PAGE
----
Brief Description Selected software programs were used to increase sight word recognition, reading fluency, and writing skills of a second grade class. Components of the programs were assigned according to Developmental Reading Assessment results as well as teacher observation. Report The Alton School District has adopted a balanced literacy program for the primary level. Kindergarten teachers use the Building Blocks instructional model and the first, second, and third grade teachers use the Four Block instructional model. A teacher created Language Arts Assessment and the DRA (Developmental Reading Assessment) are used to assess and document primary students reading readiness, sight word recognition, and comprehension. The assessments were developed to dovetail with state learning standards, district curriculum goals, and the instruction models. There are seven Macintosh computers and two printers in the computer lab at Mark Twain School. The programs that are presently used in the lab are: Wiggle Works by Scholastic and the Sight Words by Essential Skills Software. Additional programs are used with classroom computers to improve math, science, and reading skills. The Wiggle Works program is an early emergent reader program that integrates reading and writing with the power of technology. Students can read, record, be read to, and write their own stories. Assessment options allow teachers to observe, monitor, and support each child as he moves toward fluency. The Sight Words Essential Skills Software program teaches the 220 Dolch Sight Words as well as more that 100 other high frequency words. It contains six levels of words and one level of special activities. Each level consists of five lists each containing ten words. There is also a special level for learning color words, number words, and contractions. Each list of ten words is taught using a variety of visual, auditory and tactile approaches. It automatically records, updates and saves each student’s performance. The Developmental Reading Assessment provides teachers with a method for assessing and documenting primary students’ development over time within a literature-based instructional reading program. Assessments are conducted during one-on-one reading conferences as children read specially selected assessment texts. Such conferences permit the teacher to observe and interact with students, recording their responses and respond to the texts read. The information gathered enables teachers to: determine a reader’s independent assessment reading level, group students effectively for reading experiences and instruction, document changes over time in reading performance, and identify students who may be working below proficiency and need further assessment. A second grade teacher, her student teacher, and the building technologist collaborated to design a plan using the computer lab to meet student needs. The class was divided into three groups according to DRA scores. Each group consisted of students that scored in the high, middle , and low range on the assessment. Two groups stayed in the classroom with the classroom teacher and Title I teacher implementing the Self-Selected and Writing portions of the Four Block instructional model. Each child had a “book bag” that included pieces selected according to his DRA level as well as student preferred literature. Teachers made notes of miscues, comprehension and fluency to determine whether or not students could move to a different level. The third group used the computers in the lab under the supervision of the student teacher. Student goals were written and computer assignments were made according to DRA assessment and regular observation by the teacher. Progress was tracked to determine promotion to a higher level. The DRA was administered to all students in the spring. Attached is a copy of classroom pre- and post DRA testing. Nancee Heppner Brenda Sowders Becky Galloway Mark Twain School Alton School District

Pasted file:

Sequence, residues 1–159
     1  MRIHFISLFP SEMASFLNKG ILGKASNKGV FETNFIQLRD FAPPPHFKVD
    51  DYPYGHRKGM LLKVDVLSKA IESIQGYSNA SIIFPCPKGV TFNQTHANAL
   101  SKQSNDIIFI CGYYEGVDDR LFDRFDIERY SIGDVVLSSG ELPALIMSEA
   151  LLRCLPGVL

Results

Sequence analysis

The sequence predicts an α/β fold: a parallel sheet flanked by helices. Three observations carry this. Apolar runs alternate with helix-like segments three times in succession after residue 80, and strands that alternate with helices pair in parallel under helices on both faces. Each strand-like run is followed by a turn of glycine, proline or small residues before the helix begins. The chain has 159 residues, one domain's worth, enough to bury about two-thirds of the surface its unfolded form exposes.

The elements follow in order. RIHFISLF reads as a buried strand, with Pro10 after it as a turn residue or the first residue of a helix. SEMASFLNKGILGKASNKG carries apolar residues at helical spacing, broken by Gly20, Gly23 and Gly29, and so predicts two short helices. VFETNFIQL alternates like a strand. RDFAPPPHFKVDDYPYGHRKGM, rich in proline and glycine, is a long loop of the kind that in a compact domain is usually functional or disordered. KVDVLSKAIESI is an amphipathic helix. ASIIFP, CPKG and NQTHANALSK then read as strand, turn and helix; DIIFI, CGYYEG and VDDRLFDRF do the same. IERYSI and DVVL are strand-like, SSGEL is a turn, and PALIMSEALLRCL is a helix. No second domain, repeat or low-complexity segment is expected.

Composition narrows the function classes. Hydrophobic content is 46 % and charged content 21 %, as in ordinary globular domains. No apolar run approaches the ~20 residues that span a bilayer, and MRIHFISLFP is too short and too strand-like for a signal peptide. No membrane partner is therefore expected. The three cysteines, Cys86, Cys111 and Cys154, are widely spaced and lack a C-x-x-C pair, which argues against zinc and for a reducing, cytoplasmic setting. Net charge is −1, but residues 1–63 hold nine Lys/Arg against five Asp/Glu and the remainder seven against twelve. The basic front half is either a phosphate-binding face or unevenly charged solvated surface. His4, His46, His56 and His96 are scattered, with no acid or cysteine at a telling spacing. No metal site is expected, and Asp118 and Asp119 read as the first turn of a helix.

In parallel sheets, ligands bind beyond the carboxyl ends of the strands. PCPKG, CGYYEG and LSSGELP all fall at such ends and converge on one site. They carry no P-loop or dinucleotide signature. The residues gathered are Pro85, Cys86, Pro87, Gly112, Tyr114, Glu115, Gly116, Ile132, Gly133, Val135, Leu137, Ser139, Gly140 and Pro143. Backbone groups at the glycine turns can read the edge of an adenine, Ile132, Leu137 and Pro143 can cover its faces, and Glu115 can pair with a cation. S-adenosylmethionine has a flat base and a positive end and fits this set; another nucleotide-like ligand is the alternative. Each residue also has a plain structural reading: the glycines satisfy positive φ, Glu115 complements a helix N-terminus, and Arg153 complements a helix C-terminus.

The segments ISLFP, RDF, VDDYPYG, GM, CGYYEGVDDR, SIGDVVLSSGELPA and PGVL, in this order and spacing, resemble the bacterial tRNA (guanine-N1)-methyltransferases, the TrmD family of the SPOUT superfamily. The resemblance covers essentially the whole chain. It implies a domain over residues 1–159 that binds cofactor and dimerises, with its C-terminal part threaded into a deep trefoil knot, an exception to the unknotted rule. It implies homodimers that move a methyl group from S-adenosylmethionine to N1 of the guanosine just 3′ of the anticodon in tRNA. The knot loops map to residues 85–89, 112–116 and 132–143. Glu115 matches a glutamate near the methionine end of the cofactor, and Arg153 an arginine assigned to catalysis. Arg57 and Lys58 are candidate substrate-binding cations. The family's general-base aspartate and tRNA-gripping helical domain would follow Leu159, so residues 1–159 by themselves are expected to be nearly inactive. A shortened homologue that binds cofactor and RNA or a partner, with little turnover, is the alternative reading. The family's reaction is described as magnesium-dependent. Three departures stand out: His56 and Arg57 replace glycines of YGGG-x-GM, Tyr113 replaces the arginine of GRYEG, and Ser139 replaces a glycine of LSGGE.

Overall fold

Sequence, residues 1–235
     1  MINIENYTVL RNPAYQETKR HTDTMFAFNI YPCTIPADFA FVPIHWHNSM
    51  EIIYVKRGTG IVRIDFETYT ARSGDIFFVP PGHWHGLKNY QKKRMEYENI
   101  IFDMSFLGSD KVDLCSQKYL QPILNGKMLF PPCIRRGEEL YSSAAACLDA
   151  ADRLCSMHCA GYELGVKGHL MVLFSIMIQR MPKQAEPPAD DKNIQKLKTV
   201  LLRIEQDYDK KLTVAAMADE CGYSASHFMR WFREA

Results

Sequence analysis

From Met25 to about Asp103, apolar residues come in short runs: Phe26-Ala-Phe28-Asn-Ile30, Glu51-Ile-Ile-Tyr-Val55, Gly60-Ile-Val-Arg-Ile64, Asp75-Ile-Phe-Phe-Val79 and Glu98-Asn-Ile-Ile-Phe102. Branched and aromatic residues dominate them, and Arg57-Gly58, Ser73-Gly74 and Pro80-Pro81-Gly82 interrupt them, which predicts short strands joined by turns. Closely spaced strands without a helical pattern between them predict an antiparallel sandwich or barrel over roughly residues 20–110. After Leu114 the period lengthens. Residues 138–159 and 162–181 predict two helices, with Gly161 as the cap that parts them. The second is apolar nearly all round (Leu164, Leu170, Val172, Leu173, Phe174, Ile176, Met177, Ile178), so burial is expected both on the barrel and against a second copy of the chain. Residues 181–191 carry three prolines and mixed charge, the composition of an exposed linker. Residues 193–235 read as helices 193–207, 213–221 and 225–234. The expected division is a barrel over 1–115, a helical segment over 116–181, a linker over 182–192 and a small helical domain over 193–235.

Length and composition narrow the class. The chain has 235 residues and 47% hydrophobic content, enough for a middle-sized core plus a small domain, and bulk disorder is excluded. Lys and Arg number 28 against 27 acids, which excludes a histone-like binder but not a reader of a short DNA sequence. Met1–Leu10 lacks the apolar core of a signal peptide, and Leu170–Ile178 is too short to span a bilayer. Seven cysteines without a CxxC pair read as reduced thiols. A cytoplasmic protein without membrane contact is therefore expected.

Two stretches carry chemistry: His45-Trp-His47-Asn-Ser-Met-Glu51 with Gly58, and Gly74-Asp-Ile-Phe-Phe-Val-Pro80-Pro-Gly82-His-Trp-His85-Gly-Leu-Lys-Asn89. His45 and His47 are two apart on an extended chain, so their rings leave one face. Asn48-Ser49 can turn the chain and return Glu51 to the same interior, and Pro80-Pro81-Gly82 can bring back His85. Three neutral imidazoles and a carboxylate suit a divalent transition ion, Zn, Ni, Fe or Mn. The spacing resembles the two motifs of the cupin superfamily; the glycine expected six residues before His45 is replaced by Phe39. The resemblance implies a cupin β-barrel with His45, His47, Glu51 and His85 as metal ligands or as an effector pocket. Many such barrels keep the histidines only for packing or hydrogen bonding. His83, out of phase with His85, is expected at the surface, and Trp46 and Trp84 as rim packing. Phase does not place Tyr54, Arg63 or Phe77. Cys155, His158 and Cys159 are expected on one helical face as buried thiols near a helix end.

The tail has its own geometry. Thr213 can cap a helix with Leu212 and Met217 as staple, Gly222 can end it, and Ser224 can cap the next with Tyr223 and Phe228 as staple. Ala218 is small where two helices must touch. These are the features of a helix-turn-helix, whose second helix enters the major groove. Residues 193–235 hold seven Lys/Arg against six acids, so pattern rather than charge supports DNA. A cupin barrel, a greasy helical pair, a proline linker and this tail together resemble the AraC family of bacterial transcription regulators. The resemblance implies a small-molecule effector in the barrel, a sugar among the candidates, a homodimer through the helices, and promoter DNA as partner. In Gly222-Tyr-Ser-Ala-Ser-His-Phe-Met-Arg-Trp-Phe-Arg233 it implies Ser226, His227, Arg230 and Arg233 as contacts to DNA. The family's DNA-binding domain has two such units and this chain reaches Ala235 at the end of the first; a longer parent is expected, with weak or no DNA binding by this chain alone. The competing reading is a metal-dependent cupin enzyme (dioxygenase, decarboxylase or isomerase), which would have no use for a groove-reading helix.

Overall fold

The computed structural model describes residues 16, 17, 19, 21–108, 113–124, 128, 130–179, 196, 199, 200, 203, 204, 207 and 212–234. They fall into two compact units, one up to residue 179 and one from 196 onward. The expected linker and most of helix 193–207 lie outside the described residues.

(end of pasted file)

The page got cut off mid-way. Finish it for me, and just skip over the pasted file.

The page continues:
Mark Twain School